Misha Crews

Love stories about old houses and family secrets.

Born a Military Brat, Marilyn Morris attended schools overseas, in Seoul Korea, Linz, Austria and various schools stateside. From this background, she has crafted her autobiographical Once a Brat, Always a Brat, relating her travels with her army officer father from her birth in 1938 to his retirement in 1958.  When not writing or editing emerging writers’ manuscripts, she enjoys her family and friends worldwide and near her home in Fort Worth TX. True to her Brat heritage, she has a suitcase packed under the bed, ready to travel at a moment’s notice.  I know you’ll enjoy Once A Brat, Always a Brat – this week’s Great Read!

As one of the first dependents to be sent overseas at the end of WWII, eight-year old Marilyn Celeste Morris received her very own orders from The War Department.

From Seoul, Korea to Linz, Austria, she traversed the globe from 1938 to 1958 with her Army Officer father, mother and younger brothers. Between assignments in the primitive world of the Far East, to the sublime luxury of exploring castles in Bavaria, the family shuttled between the various Stateside Forts: Bragg, Bliss, Hood and Sill.

Sometimes hilarious, sometimes gut-wrenchingly sad, her narrative is part travelogue, part therapy session. She still cries at Taps and stands tall when the colors pass; yet she realizes she carries an odd mixture of pride and resentment over her nomadic way of life.

Her conclusion, however, is that she wouldn’t have had it any other way. Once a Brat, Always a Brat.


Dennis Campbell of BratCon.com radio has called Once a Brat, Always a Brat, “a field manual for understanding Military Brats.”

To read more, visit Marilyn’s website and  her check out her blogs:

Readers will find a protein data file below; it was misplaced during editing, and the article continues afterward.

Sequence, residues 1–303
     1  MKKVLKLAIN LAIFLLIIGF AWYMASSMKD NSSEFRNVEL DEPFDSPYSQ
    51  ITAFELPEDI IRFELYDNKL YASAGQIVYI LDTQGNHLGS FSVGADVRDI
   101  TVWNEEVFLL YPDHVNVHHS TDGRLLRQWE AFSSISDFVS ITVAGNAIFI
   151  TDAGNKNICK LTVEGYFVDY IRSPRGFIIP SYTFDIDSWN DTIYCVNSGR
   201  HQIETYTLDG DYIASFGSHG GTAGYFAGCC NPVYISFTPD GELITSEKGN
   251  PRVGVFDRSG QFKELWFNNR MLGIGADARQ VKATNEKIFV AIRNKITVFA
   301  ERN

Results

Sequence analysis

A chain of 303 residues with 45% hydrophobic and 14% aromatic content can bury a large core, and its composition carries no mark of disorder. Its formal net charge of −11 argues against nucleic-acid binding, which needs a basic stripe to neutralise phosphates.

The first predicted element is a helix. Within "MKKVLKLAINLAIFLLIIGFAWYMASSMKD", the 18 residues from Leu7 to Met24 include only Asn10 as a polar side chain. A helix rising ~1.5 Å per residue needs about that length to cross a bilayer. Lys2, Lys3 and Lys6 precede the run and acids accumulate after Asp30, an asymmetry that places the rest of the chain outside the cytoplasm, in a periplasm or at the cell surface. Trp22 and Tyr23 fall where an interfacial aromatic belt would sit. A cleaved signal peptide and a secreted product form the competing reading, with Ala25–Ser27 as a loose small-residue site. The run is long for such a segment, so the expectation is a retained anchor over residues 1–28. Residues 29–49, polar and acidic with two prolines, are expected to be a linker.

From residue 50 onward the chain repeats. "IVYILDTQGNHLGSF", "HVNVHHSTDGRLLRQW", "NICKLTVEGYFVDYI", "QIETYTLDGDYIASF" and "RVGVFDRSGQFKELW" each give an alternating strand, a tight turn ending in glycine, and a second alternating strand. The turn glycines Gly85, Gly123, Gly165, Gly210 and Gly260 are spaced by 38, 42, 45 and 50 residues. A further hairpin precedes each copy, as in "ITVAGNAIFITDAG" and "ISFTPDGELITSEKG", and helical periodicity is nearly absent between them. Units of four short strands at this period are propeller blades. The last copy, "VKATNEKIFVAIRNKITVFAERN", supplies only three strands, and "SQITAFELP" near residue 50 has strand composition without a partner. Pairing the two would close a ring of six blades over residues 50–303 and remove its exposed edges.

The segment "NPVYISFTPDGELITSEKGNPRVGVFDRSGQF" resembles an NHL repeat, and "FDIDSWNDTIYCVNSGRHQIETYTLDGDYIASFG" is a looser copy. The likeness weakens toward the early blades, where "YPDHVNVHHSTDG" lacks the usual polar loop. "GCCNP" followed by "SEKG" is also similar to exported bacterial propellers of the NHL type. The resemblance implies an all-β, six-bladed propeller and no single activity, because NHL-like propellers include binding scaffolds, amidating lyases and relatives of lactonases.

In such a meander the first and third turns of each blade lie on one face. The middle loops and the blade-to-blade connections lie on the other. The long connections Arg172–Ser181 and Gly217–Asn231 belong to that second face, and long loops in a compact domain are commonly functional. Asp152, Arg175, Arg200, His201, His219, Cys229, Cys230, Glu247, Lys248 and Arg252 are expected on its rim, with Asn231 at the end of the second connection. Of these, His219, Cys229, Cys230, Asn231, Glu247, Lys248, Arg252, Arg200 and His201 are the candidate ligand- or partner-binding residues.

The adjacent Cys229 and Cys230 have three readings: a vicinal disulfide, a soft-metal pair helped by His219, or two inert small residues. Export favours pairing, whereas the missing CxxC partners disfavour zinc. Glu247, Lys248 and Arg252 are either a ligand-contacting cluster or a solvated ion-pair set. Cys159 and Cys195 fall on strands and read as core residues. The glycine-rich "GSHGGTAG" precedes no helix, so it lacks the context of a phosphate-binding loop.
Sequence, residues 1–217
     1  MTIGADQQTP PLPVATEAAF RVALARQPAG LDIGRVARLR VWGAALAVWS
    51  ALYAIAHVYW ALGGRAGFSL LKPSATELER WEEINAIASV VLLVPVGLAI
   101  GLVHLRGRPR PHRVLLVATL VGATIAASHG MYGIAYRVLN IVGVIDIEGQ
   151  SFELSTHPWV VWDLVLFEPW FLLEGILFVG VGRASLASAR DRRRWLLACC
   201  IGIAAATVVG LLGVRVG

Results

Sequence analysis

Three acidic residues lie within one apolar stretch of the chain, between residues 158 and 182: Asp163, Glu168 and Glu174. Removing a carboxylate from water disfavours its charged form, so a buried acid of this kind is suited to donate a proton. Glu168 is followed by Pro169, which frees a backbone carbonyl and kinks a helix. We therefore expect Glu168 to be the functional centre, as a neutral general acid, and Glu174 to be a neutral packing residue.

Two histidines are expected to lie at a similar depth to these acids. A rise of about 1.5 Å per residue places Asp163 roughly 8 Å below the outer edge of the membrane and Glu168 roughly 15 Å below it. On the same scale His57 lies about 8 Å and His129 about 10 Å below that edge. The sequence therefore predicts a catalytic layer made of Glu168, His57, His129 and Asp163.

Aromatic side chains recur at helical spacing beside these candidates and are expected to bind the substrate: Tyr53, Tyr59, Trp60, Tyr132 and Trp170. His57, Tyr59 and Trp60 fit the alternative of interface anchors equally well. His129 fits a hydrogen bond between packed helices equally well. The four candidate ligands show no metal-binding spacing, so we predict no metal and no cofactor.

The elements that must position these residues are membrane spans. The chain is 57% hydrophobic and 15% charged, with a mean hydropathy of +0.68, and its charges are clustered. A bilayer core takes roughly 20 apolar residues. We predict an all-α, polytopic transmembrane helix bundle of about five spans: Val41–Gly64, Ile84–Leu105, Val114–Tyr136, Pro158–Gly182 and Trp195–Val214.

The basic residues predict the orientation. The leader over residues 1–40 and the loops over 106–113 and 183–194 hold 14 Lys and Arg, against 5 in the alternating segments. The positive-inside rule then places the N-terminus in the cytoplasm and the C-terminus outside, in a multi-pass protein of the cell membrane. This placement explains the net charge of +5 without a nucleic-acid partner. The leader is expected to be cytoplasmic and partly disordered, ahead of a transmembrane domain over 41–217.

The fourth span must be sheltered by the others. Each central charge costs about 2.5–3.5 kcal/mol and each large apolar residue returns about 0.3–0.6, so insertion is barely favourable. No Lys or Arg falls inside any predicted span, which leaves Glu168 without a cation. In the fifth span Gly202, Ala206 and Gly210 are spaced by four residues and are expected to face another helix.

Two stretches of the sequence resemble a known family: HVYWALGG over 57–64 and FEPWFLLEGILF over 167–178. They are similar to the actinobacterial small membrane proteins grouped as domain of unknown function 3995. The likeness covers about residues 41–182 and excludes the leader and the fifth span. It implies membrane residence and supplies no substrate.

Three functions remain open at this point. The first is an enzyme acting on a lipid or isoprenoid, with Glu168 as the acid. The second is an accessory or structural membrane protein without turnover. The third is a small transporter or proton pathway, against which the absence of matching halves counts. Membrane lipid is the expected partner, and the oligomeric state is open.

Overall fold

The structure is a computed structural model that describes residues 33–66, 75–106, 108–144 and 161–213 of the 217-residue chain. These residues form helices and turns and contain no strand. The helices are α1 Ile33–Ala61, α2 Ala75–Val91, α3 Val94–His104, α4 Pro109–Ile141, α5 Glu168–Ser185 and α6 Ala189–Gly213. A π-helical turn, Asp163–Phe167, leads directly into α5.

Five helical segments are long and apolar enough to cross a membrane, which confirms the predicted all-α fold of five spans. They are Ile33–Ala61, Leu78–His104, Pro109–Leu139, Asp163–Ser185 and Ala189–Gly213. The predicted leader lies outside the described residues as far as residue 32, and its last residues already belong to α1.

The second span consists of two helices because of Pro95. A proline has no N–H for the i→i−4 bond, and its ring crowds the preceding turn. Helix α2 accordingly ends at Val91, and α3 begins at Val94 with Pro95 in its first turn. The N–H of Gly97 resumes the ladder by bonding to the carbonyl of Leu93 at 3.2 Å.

Once a Brat
Marilyn’s Musings
The Lady with Lupus 
Editing Excellence

Buy Once a Brat, Always a Brat today on Amazon.com!


7 thoughts on “Great Reads Monday: Once A Brat, Always a Brat by Marilyn Celeste Morris

  1. Sun Singer says:

    Nice to see these memories in a book where others can learn about “how it was.”

  2. lastnerve says:

    I've seen this book promoted and it looks really good. Very interesting.


  3. Misha Crews says:

    Sun Singer – yes, I couldn't agree more!

    lastnerve – I think it's fascinating too!

    Thanks for visiting the blog! 🙂

  4. This book should inspire other Brats to journal their memories.

  5. I enjoyed the original Once A Brat so much it appears as one of the only four reviews I've written for Amazon. Looks like I'd better get my hands on this book as well!

    Marilyn's story of a now almost forgotten aspect of military life is valuable in several different ways. Obviously, to herself personally as part of her family experience. It also succeeds in another aspect: a part of the social history of our times, and as such should remain a valuable reference for future readers.

  6. What a great story! Everyone should journal a little bit, especially writers. Great material from journals. Congrats!
    Joy Held
    Writer Wellness, A Writer's Path to Health and Creativity
    Who Dares Wins Publishing

  7. Thanks Marilyn and Misha for stirring memories of service years.

Leave a Reply

%d bloggers like this: